The Vanderbilt Kennedy Center (VKC) is one of a select group of sites selected to launch SPARK, an online research initiative designed to become the largest autism study ever undertaken in the United States.
Sponsored by the Simons Foundation Autism Research Initiative (SFARI), SPARK will collect information and DNA for genetic analysis from 50,000 individuals with autism—and their families—to advance the understanding of the causes of this condition and to hasten the discovery of supports and treatments.
VKC joins 21 leading national research institutions chosen by SFARI to assist with recruitment. The SPARK effort is being led locally by Zachary Warren, Ph.D., associate professor of Pediatrics, Psychiatry and Special Education and executive director of the VKC Treatment and Research Institute for Autism Spectrum Disorders (TRIAD).
“Families impacted by autism have been desperate for science to provide better answers about the disorder,” Warren said. “Unfortunately, the pace of discovery regarding the causes and novel treatments has been too slow. SPARK represents a bold attempt to radically advance our fundamental understanding of autism. There has been nothing like this attempted on this scale to date.
“It’s an exciting opportunity, and I’m very hopeful we’ll be able to leverage Vanderbilt’s strong patient and community partnerships to advance discoveries around autism,” Warren said.
Autism is known to have a strong genetic component. To date, approximately 50 genes have been identified that almost certainly play a role in autism, and scientists estimate that an additional 300 or more are involved. By studying these genes, associated biological mechanisms, and how genetics interact with environmental factors, researchers can better understand the condition’s causes, and link them to the spectrum of symptoms, skills, and challenges of those affected.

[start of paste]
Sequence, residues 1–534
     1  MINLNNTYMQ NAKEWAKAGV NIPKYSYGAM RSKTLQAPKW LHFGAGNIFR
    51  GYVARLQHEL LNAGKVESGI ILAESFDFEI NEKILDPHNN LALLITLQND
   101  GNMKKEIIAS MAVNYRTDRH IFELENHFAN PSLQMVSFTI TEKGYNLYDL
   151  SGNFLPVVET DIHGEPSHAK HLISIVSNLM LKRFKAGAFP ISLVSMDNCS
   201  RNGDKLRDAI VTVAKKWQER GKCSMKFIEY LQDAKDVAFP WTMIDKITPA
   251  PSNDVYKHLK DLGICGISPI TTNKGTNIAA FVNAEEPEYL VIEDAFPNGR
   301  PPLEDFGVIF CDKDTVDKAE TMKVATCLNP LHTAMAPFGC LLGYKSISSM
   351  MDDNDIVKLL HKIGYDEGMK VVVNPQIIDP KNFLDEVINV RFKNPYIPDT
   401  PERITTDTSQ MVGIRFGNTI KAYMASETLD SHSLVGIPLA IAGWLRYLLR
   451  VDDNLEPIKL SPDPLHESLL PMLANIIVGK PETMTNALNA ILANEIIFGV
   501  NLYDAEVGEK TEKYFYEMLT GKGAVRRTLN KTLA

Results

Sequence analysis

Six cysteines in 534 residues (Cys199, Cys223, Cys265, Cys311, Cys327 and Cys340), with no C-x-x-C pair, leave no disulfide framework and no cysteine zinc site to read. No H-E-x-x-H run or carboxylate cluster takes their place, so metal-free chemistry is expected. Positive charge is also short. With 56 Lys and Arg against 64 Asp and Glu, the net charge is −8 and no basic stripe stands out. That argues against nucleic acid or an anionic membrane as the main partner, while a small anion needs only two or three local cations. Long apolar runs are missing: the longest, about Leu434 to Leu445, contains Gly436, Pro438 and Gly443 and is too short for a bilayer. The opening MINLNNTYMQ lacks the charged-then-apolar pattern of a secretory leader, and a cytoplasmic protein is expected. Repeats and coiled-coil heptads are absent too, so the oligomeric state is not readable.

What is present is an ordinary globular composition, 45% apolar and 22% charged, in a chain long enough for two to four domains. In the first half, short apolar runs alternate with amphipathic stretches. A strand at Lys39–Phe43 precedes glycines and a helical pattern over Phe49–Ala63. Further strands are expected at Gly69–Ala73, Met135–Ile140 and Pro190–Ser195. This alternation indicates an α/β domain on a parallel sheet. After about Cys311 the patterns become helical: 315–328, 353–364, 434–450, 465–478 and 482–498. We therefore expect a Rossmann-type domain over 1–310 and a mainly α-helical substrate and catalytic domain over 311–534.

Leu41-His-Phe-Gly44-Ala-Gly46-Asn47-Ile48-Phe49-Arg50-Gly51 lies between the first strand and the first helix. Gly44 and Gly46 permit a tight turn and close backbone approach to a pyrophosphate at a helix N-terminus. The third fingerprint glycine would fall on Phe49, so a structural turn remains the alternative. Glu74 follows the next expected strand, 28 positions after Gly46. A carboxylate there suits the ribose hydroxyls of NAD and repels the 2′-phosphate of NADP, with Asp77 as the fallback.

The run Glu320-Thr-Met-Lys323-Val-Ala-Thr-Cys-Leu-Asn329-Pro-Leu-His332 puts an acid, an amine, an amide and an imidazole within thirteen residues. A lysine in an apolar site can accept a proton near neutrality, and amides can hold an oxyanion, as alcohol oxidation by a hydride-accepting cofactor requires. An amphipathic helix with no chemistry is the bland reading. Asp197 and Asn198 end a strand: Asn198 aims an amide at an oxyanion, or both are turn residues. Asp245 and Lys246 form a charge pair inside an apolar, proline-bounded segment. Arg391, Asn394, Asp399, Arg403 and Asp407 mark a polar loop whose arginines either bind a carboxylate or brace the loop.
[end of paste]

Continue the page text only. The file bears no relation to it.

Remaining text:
SPARK aims to speed up autism research by inviting participation from this large, diverse autism community, with the goal of including individuals with a professional diagnosis of autism of both sexes and all ages, backgrounds, races, geographic locations, and socioeconomic situations.
SPARK will connect participants to researchers, offering them the opportunity to impact the future of autism research by joining any of the multiple studies offered through SPARK.
The initiative will catalyze research by creating large-scale access to study participants whose DNA may be selectively analyzed for a specific scientific question of interest.
SPARK will also elicit feedback from individuals and parents of children with autism to develop a robust research agenda that is meaningful for them.
“The SPARK study will not only establish a national cohort, but at Vanderbilt we’ll be able to connect our families to our own science of discovery,” Warren said. “In addition, we’ll be able to utilize resources from the study to strengthen our relationships with families and our community partners. We’re hopeful this will represent yet another powerful partnership between Vanderbilt and the Simons Foundation that will ultimately provide better answers to those with desperate questions.”
Jennifer Wetzel is a senior information officer, Vanderbilt University Medical Center Office of News and Communications. Republished from ResearchNews@Vanderbilt, April 21, 2016.